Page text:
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Lord John and the Private Matter - Diana Gabaldon

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Genre: Fiction / Author: Diana Gabaldon / Edition: New edition / Paperback / 400 Pages / Book is published 2004-10-07 by Arrow Books Ltd

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      18.08.2010 12:37
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      An enjoyable book with an appealing central character

      I know I'm probably in the minority but Diana Gabaldon's Outlander historical-come-time travel series leaves me cold. I do however love a good historical mystery and Gabaldon's books featuring Lord John Grey as the main protagonist and set in my favourite Georgian period are just the kind I like. Lord John Grey was commander of a Scottish garrison and a relatively minor character in the aforementioned Outlander series but here he takes centre stage.

      Diana Gabaldon intended this book to be a novella but at 400 pages long, it is certainly more substantial than that.


      The year is 1757 and Lord John Grey, an aristocratic and high-ranking officer in the British Army, has just witnessed something that could have repercussions on his family but before he can begin to deal with this matter, his superiors assign him to investigate the murder of a fellow soldier who is also suspected of being a traitor. Lord John's investigation takes him into some very unexpected places.

      My Opinion:

      In the foreword to this book, Diana Gabaldon says this novel is part of the Outlander series and follows the same timeline but to my mind, apart from the timeline that is where the similarity ends. This is a historical mystery with no paranormal elements whatsoever.

      Lord John Grey is a different sort of detective, certainly when compared to more modern ones. This novel is set in an era before a formal police force existed except for the newly formed Bow Street Runners who offered a very limited and unreliable service, so any investigation of a murder would need to be conducted privately. Lord John is also gay, something punishable by death at that time, so he has to be very circumspect in any relationships he has.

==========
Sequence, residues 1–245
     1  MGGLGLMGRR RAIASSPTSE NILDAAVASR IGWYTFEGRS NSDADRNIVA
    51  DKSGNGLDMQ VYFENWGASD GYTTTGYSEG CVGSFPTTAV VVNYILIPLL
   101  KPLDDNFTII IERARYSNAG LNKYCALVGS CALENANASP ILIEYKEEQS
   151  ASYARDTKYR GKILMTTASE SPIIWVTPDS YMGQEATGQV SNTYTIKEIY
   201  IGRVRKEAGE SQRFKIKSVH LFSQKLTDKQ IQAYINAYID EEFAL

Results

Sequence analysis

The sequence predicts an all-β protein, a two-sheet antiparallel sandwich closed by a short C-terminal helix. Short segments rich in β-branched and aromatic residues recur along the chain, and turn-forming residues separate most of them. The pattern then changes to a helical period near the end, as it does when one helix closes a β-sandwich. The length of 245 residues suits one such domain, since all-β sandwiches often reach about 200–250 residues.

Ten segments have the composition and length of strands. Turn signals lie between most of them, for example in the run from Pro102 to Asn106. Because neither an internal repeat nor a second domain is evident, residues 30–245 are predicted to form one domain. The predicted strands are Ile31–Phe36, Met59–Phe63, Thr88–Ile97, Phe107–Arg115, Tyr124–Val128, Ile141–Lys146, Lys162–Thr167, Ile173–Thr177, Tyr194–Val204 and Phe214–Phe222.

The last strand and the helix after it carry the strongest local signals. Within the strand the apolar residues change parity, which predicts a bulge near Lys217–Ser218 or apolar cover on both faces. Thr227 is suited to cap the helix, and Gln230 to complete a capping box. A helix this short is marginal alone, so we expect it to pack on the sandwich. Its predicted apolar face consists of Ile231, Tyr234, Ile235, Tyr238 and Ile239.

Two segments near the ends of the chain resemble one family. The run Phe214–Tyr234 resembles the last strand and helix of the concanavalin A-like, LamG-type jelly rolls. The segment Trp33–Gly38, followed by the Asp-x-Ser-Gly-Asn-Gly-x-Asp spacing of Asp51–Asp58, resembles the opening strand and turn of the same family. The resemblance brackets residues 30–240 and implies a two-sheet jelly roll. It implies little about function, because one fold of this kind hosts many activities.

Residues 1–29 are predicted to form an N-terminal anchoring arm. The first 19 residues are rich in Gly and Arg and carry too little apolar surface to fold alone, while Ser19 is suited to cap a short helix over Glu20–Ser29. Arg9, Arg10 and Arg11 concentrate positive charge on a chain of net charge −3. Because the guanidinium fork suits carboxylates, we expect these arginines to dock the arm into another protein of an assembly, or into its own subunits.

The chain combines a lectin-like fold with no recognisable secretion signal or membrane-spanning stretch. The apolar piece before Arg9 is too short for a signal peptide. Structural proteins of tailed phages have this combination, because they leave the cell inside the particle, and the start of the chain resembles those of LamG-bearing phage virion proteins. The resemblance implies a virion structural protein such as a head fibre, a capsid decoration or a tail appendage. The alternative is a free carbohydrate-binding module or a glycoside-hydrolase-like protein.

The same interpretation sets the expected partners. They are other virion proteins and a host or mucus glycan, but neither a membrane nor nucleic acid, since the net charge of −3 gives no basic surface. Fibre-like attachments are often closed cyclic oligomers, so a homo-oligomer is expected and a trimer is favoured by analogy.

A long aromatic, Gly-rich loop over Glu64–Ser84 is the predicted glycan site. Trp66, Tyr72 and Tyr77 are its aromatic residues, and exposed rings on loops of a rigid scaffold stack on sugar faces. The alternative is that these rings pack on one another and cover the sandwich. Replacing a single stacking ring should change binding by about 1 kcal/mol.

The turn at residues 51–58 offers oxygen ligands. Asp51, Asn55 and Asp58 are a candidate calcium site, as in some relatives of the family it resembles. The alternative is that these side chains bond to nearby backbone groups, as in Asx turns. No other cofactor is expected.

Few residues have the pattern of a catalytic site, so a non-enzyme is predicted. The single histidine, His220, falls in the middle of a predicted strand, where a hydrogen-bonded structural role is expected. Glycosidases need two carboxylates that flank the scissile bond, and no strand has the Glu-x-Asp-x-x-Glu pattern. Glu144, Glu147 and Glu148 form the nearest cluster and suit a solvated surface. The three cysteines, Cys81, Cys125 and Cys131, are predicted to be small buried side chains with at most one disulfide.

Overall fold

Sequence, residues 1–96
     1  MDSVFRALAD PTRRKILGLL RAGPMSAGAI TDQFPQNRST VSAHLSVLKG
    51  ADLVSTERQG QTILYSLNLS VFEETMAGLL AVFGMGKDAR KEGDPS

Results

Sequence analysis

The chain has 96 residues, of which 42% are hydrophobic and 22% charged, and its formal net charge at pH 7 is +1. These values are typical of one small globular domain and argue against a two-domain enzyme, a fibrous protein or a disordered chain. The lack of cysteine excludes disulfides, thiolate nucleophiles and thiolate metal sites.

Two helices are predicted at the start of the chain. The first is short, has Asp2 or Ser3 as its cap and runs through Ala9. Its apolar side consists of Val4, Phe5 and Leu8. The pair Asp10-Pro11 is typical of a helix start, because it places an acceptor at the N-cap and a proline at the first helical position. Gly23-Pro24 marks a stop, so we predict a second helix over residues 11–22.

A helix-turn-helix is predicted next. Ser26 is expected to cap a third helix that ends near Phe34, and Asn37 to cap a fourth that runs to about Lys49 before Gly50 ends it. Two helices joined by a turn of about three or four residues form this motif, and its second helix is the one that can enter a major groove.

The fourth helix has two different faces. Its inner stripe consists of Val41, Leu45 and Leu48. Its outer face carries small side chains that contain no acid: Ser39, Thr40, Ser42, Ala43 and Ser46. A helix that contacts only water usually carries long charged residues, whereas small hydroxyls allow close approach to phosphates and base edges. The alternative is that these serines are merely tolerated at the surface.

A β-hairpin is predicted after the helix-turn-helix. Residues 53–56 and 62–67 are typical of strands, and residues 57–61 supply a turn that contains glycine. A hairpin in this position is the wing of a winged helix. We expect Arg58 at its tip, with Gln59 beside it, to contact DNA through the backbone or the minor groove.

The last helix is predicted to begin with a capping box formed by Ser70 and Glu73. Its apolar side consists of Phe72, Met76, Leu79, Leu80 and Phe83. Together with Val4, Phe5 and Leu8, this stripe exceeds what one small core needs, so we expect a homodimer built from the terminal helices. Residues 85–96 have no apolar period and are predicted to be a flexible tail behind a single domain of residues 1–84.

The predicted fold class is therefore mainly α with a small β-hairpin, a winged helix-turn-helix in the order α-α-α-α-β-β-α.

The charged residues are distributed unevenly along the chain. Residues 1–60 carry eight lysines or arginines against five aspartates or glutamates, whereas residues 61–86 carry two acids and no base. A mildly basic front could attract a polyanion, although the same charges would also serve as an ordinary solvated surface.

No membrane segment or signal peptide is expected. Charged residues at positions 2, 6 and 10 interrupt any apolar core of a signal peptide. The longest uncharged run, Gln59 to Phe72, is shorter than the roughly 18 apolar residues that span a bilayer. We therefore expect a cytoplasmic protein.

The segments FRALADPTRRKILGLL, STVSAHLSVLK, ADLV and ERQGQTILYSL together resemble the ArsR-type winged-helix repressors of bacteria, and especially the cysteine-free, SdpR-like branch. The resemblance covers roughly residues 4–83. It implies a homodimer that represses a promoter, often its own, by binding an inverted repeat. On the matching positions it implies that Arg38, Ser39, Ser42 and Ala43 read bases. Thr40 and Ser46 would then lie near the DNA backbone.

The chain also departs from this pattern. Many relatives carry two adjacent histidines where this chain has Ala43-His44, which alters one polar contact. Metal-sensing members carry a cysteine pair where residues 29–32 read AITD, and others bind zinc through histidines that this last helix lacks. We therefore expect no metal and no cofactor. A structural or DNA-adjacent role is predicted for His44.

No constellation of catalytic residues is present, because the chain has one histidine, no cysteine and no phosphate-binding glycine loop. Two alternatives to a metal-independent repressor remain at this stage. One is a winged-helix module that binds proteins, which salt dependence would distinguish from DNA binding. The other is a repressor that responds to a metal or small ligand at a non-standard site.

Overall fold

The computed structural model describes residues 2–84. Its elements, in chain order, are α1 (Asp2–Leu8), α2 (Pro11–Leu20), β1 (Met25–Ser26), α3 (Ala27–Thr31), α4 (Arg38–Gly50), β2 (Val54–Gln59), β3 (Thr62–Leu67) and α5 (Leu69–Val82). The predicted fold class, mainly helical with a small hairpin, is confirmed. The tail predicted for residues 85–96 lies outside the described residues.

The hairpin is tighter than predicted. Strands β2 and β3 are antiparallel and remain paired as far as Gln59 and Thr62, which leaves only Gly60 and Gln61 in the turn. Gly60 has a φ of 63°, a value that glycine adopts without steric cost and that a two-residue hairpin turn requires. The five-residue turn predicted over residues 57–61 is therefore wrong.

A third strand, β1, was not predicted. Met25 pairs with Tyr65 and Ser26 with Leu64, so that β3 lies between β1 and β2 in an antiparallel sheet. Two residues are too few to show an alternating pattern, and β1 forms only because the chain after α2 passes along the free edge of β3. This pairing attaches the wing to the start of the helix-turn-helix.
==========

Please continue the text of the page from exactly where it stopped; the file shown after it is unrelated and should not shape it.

It's through a casual glance at his neighbour's *privy part* whilst relieving himself at his club that Lord John notices a small sore which indicates that the man, the Honourable Joseph Trevelyan, has contracted syphilis, "the French Disease". Apologies to any French people reading this review, but that's how syphilis was described in eighteenth century England. No doubt the French knew it as the English Disease!

      Syphlis wasn't anything particularly out of the ordinary at that time but Trevelyan is betrothed to Lord John's cousin, Olivia, so he is determined to prevent the marriage taking place, as syphilis was an incurable disease and remained so until relatively recent times. His older brother who is Olivia's guardian, is currently away leaving Lord John to act as head of the family, hence his concern.

      However, before he can deal with that matter, his superior officer, Colonel Quarry, asks him to look into the death of Sergeant Tim O'Connell who has been killed in what seems to be a pub brawl but as O'Connell is a suspected spy, it is imperative that his killers are found especially as it isn't known for whom O'Connell was spying. This story is set a decade after the second Jacobite Rebellion of 1745 and at a time when England still had many enemies both at home and abroad.

      Lord John's investigations take him from the back alleys of London to the homes of the highborn, and I certainly learnt a great deal about the seamier side of eighteenth century life. As homosexuality was a capital offence, men met in secret and often frequented 'molly houses' although doing so put them at great personal risk. This made for some interesting reading as prior to this book, I didn't know such places existed. I often think that as a species we haven't progressed very far in terms of civilisation but we certainly have with regard to sexual tolerance!

      I liked Lord John who comes across as a good and decent man and his personal secret lent balance to the story allowing the reader to see things from the perspective of a gay man. The other characters were well-drawn and authentic and the mystery was well plotted with a few surprising twists and turns. The mystery does rather take second place to the historical detail but, for me as a lover of this time period, that wasn't a problem.

      I couldn't fault Diana Gabaldon's research and the historical detail was excellent lending a sense of time and place which gave the story a great deal of authenticity. I was never thrown out of the story by any jarring inaccuracies either in the language or the setting. This was a thoroughly enjoyable read with a reasonably engrossing mystery element. I certainly enjoyed it enough to read the two further books featuring Lord John.


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